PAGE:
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Fairy Fencer F: Advent Dark Force PS4 Review

The original release of Fairy Fencer F was a pleasant surprise, as it came from a JRPG studio that had quickly earned a reputation of being a C-list Neptunia factory. While far from the greatest of RPG classics, Fairy Fencer F proved to be a surprisingly enjoyable game that embraced its low-budget origins to deliver a solid JRPG experience. Consequently, this also paved the way for Compile Heart to improve its original image, as many of their following releases saw a substantial leap in quality, Neptunia included.

Fairy Fencer F: Advent Dark Force follows the company’s tradition of re-releasing their previous games with a host of new features and improvements, but the anticipation runs a bit higher considering how well the original did. Advent Dark Force makes good with its enhancements, from gameplay additions to new dungeons to even new story scenarios, making this re-release more like a Director’s Cut that puts it closer to the recently released Odin Sphere Leifthrasir than a simple re-release with improved textures. In fact, Advent Dark Force has no improved visuals whatsoever, so take that, modern HD re-releases!

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The core story is mostly unchanged from the original Fairy Fencer F: many years ago, two great beings known as the Vile God and the Goddess waged a deadly war that nearly tore the world asunder. The final outcome resulted in the two deities being sealed away by Furies, magical swords that contain unspeakable power and typically house inhuman beings known as Furies. One day, main hero Fang lackadaisically pulls out a Fury in the hopes that its power would grant him a free meal. Instead, it popped out a Fairy girl named Eryn, who has tasked Fang with collecting all of the world’s Furies in order to revive the Goddess. Despite barely having the drive to get out of bed in the morning, Fang is ultimately roped into a great conflict involving many allies and enemies scrambling to collect the Furies to have their wishes granted. It’s as generic a JRPG plot as it gets, but it is largely saved by its cast of likeable characters and often humorous writing.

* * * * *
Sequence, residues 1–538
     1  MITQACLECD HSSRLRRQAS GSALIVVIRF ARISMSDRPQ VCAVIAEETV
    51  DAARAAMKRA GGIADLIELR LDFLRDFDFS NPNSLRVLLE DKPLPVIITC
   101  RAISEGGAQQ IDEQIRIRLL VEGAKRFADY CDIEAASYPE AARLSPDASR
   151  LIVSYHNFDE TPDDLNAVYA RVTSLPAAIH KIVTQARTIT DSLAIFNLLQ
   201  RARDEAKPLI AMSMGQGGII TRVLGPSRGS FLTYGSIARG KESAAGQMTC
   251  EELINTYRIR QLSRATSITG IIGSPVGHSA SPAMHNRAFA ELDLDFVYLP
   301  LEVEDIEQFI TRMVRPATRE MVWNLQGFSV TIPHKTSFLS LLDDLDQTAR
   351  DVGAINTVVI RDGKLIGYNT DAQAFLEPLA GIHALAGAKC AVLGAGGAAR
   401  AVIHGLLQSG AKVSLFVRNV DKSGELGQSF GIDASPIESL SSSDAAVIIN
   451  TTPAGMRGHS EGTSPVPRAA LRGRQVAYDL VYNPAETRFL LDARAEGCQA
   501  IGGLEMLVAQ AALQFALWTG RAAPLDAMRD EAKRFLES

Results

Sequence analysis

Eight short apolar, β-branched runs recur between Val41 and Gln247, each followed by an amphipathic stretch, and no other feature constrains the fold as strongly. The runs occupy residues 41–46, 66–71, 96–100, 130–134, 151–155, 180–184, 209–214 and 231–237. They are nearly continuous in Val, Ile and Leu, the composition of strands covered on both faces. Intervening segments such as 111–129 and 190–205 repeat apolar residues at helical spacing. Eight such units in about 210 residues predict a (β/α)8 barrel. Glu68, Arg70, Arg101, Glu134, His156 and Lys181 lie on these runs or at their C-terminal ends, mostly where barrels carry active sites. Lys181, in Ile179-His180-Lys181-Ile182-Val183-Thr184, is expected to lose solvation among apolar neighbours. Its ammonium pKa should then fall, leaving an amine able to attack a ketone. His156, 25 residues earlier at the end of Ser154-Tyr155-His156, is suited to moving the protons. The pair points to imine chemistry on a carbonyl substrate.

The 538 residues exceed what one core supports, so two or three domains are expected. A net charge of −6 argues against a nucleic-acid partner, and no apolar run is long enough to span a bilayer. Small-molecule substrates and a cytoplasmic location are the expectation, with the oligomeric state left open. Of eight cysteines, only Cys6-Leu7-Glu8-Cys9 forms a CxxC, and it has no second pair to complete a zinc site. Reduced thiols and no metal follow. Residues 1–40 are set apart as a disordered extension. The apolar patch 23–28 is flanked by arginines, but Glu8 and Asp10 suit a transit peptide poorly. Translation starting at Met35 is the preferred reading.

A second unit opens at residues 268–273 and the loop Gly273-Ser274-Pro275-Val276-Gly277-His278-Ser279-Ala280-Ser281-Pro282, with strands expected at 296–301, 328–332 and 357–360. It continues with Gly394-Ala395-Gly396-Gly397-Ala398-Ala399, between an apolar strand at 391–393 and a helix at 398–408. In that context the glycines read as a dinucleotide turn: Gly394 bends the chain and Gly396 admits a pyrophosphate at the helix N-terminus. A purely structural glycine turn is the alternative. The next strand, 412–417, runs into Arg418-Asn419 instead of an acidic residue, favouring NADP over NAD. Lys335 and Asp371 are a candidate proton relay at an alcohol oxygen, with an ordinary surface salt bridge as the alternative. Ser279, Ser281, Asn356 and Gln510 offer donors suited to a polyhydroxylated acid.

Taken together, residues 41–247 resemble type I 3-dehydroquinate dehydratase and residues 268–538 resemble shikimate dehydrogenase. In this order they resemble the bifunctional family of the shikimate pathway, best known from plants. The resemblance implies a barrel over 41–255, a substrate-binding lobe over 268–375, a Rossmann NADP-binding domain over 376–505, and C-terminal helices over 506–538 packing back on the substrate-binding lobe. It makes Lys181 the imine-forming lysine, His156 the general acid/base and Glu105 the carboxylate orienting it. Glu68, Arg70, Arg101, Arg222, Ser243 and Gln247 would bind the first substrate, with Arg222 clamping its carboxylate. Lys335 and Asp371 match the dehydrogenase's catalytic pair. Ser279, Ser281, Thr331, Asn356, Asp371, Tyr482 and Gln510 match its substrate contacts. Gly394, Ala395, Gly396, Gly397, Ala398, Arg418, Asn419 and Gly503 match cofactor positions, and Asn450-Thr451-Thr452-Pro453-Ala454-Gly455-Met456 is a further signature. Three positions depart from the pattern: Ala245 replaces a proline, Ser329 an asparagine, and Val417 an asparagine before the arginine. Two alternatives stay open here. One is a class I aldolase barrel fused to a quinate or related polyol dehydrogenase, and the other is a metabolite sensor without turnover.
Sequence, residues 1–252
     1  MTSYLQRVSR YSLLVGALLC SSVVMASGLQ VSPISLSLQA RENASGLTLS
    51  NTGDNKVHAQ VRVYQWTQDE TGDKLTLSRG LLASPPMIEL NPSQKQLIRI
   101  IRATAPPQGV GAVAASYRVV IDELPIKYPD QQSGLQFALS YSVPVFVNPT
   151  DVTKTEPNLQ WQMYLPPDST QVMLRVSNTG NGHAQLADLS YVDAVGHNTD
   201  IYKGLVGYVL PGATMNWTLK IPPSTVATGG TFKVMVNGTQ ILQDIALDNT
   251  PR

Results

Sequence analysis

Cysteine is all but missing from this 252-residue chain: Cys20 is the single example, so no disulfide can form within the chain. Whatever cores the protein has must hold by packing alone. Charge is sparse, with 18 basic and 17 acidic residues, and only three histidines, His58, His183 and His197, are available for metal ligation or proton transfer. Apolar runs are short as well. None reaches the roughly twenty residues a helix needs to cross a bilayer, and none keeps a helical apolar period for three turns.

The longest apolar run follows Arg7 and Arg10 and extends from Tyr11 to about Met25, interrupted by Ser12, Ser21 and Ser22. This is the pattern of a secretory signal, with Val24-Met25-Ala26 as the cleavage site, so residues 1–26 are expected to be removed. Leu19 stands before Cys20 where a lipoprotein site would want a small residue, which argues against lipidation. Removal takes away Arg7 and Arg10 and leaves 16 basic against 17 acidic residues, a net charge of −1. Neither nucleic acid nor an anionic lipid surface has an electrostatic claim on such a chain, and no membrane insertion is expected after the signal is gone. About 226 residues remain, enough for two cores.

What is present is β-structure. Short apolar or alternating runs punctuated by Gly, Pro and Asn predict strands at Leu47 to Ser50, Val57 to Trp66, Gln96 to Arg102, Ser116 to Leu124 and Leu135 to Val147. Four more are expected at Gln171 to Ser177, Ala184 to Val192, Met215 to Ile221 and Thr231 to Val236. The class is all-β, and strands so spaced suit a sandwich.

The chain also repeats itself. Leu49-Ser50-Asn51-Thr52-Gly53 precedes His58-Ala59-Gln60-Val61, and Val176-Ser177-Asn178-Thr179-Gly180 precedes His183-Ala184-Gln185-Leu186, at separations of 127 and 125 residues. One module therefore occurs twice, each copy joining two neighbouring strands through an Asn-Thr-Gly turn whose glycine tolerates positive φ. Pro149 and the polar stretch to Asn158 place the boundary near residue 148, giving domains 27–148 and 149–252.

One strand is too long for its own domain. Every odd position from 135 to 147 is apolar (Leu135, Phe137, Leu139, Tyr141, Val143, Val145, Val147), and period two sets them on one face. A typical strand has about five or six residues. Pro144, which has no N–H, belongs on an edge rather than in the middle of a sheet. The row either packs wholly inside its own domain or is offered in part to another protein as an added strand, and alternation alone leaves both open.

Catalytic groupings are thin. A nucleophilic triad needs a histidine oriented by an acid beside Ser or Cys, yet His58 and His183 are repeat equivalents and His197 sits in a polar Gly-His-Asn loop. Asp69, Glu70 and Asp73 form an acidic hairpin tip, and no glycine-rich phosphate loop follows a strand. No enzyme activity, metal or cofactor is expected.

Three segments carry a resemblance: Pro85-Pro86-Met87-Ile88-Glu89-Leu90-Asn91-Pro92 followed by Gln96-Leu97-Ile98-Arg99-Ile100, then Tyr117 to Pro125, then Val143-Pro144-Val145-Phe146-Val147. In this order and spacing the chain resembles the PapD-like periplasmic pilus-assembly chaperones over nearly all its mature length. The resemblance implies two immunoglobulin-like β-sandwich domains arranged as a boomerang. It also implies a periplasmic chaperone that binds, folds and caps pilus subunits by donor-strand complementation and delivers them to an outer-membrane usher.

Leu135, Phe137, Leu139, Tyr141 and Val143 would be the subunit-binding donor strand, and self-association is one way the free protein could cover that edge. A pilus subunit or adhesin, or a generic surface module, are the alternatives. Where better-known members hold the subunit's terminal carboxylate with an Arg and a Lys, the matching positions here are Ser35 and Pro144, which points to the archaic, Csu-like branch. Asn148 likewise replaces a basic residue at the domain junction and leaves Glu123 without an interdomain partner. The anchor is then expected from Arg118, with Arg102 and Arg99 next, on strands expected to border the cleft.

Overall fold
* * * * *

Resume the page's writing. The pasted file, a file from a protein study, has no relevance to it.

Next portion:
Right from the start, Advent Dark Force shows off its new features by starting players in a brand new dungeon. This dungeon helps teach the various combat mechanics both old and new, and even features a boss battle with a character who originally did not appear until much later in the story. These story changes are integrated pretty seamlessly into the original script, though eventually things take a dramatic shift thanks to brand new scenarios that are based on the player’s decision. Other changes range from small-yet-convenient additions (such as the ability to dash while moving around dungeons, which is great for covering long distances as well as escaping an unwanted encounter) to completely changing the playing field (up to six characters can now enter battles at once, which also means a larger amount of enemies and stronger bosses).